40 Forever: Growin Up!

Early Childhood Education: Growing Up


Back in the early 70’s, there weren’t many childcare options in my quaint New England town. Since my mother was a working single mom, I had to spend hours every day at a wretched place called The Happy Child Nursery School.

The owner was a morbidly obese, smelly woman who wore muumuus every day, even in the middle of winter. (She was so fat that she probably never felt the cold.) Miss Muumuu lived in a decrepit colonial house which probably hadn’t been painted since the turn of the 19th century. In addition to the nursery school, the house also featured a museum of antique dolls. We weren’t allowed to touch the dolls, but we didn’t want to anyway. The dolls were downright creepy. Many of the dolls were kid-size with metal braces holding them in posed play positions as if they were frozen for life in an eternal game of TV tag. Miss Muumuu also had two male boarders who lived in the upstairs of the house. One man had a twitch and walked with a limp. We called him Skippy.*

There were some happy moments at the Happy Child Nursery School. During playtime we’d go outside, roll over a log, and play with worms. Another highlight was nap time when Miss Muumuu would watch hours of television while the happy children rested on soiled army cots listening to Phi
l Donahue interview male hookers, Siamese twins, and other assorted human oddities. Consequently, the first sex question I asked my mother wasn’t “where do babies come from?” It was what’s the difference between a transvestite and a transsexual? (They didn’t use the politically correct term transgendered back in the early 70’s.)**

Thankfully, daycare standards and early childhood education have improved drastically. (Believe it or not, Miss Muumuu held an advanced degree in Child Development from an ivy league college.) It’s a bit unrealistic, but The American Academy of Pediatrics recommends that children under the age of 2 experience no screen time (screen time includes computer, video, iPad, and TV screens), and that parents limit older children’s screen time as well. This is because it takes away from real-life creative play and social interaction.

Personally, I think a little screen time, maybe 20 minutes of a Sesame Street video (not a lurid talk show) before dinner is okay because it gives harried parents a much needed break. Some television shows really are educational. Thanks to Schoolhouse Rock, I can recite the Preamble of the Constitution. And not all screens are bad. For example, iPads and smart phones can help nonverbal children communicate and are being used as teaching tools for children with Autism Spectrum Disorder.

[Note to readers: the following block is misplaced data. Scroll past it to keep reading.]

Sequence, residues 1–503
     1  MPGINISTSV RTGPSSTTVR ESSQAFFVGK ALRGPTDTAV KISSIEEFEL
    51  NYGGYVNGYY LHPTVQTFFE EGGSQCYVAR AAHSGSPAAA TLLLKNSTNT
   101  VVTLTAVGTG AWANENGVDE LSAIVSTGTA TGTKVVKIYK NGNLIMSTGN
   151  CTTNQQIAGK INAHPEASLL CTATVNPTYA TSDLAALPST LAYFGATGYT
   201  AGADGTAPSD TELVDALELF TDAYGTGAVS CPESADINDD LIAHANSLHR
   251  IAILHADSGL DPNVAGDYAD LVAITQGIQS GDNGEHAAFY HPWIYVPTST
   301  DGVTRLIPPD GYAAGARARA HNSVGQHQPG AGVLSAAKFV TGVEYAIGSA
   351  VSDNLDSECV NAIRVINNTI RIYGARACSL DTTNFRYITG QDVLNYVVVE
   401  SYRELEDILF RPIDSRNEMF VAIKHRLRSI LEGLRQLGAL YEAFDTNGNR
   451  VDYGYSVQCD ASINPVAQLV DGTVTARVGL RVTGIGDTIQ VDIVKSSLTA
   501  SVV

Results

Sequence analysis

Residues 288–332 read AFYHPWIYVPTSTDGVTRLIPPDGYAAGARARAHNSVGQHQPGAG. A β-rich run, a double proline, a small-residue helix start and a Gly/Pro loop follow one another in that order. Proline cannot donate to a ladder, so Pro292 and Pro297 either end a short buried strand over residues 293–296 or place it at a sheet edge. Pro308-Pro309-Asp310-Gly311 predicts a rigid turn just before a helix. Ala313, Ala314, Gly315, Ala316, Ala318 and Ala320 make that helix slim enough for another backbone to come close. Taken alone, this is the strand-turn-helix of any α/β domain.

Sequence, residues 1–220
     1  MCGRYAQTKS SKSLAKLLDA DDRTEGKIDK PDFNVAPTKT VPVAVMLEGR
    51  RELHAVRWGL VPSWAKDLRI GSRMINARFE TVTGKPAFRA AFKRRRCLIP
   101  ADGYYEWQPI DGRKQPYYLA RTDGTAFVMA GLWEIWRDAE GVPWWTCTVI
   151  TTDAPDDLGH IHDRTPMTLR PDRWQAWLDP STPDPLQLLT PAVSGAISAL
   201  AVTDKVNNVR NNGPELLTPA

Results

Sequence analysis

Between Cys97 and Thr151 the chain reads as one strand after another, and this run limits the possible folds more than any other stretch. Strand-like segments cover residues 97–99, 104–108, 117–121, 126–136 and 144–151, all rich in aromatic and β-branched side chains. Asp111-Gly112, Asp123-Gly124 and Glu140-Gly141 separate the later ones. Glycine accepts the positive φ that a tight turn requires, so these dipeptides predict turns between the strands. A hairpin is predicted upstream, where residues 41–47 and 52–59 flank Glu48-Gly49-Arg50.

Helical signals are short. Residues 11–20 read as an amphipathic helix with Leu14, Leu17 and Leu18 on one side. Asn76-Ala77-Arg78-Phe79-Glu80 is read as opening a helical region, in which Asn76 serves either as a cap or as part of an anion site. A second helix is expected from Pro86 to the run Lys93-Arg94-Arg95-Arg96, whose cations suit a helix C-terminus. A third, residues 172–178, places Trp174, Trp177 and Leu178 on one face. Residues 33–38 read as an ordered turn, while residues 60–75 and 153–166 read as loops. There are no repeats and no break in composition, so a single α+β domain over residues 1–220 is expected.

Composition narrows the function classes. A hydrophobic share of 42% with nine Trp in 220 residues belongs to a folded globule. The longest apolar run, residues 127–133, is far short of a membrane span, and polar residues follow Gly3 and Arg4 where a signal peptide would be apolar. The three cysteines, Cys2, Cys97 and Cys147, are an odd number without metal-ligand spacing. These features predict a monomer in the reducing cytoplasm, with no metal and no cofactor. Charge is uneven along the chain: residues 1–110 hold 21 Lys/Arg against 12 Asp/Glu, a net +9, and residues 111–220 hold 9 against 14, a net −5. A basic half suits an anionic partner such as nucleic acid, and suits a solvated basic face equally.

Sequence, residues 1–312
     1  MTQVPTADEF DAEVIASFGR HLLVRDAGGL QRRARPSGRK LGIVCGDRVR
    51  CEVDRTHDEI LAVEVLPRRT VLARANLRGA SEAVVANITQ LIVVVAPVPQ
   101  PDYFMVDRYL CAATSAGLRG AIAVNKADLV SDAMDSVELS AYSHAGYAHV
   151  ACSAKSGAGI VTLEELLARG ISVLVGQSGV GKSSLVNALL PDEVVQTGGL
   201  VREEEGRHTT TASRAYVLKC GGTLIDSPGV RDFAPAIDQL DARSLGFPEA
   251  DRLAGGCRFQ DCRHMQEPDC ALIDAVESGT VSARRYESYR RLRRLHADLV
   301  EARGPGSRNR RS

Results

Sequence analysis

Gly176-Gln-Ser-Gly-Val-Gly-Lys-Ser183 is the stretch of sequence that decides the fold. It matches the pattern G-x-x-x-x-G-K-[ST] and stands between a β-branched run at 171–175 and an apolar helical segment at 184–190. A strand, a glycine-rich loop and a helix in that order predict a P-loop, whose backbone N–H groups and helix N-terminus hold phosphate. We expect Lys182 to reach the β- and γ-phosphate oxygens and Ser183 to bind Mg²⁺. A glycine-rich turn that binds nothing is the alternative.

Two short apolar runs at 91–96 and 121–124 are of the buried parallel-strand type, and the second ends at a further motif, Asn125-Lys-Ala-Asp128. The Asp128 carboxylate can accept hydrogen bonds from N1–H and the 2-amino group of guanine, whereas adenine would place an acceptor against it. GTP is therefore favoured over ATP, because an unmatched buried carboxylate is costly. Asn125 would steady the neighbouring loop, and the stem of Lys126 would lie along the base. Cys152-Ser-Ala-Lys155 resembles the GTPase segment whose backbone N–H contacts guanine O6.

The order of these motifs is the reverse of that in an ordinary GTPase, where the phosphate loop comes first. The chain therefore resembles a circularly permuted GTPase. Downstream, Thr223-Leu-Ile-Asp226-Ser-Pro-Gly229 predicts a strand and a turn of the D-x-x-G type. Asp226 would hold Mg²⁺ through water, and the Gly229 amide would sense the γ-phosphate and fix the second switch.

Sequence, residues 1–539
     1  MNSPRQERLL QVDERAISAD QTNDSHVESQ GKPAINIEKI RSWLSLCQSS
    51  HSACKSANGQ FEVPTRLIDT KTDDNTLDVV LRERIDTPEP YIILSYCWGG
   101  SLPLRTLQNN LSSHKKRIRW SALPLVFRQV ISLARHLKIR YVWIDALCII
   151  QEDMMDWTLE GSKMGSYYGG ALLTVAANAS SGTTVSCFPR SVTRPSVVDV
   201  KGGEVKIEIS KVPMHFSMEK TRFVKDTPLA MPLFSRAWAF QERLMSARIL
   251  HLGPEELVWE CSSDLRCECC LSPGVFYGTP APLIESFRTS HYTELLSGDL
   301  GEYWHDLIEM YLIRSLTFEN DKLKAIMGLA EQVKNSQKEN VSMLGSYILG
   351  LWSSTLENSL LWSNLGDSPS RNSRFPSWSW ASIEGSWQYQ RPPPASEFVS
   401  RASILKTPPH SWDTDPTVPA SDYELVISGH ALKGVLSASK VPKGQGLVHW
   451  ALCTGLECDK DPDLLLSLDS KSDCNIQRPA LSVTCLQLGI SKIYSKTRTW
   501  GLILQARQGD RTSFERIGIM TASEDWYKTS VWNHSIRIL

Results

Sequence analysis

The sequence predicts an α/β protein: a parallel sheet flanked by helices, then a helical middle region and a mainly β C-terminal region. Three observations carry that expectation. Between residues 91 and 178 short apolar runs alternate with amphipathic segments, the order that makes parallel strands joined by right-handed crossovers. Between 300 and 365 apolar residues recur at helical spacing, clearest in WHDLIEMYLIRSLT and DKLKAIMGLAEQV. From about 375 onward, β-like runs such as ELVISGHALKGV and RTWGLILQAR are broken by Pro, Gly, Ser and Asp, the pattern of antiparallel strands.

Although it’s a little didactic, I got a kick out of the book Todd’s TV by James Proimos. It’s about a boy whose parents are too busy to pay attention to him, so he starts spending time with his TV instead. When the parents get jealous of the TV, they do what they should have done a long time ago. They turn it off.

Proimos, James. Todd’s Tv. New York: Katherine Tegen Books, 2010. Print.

*I also had a school bus driver with a limp. We called him Hoppy. (Gosh, I hope I’m not the one who came up with these nicknames.) My stop was the last on his route so I’d sing to him after the other kids got off the bus. At the time I knew all the words to all the songs in Fiddler on the Roof. He really liked Matchmaker, Matchmaker.

**Speaking of transgender issues, She’s Not There is one of the best memoirs I’ve ever read. It was written by Colby College professor, Jennifer Finney Boylan, who started her life as James Finney Boylan. I had the pleasure of sitting next to her at an ALA publishers breakfast event. I started chatting with her and asked where she worked. She said Colby College, and I said, “isn’t that where Jennifer Finney Boylan works? Wait–oh my gosh! You ARE Jennifer Finney Boylan! I love you. I feel like I already know you!” She said “well, you do know an awful lot about me.” We were instant conference buddies and I introduced her to all my favorite librarian and writer friends.

Boylan, Jennifer F. She’s Not There: A Life in Two Genders. New York: Broadway Books, 2003. Print.

Jennifer Finney Boylan wrote another really great memoir entitled I’m Looking Through You: Growing Up Haunted. It describes her life growing up in a haunted house. What I really like about the book is that the ghosts aren’t really a big deal. They just happen to be there. Watch this video tour of Jennifer’s childhood home: jenniferboylan.net. It reminds me of Miss Muumuu’s place.

Boylan, Jennifer F. I’m Looking Through You: Growing Up Haunted. New York: Broadway Books, 2008. Print.

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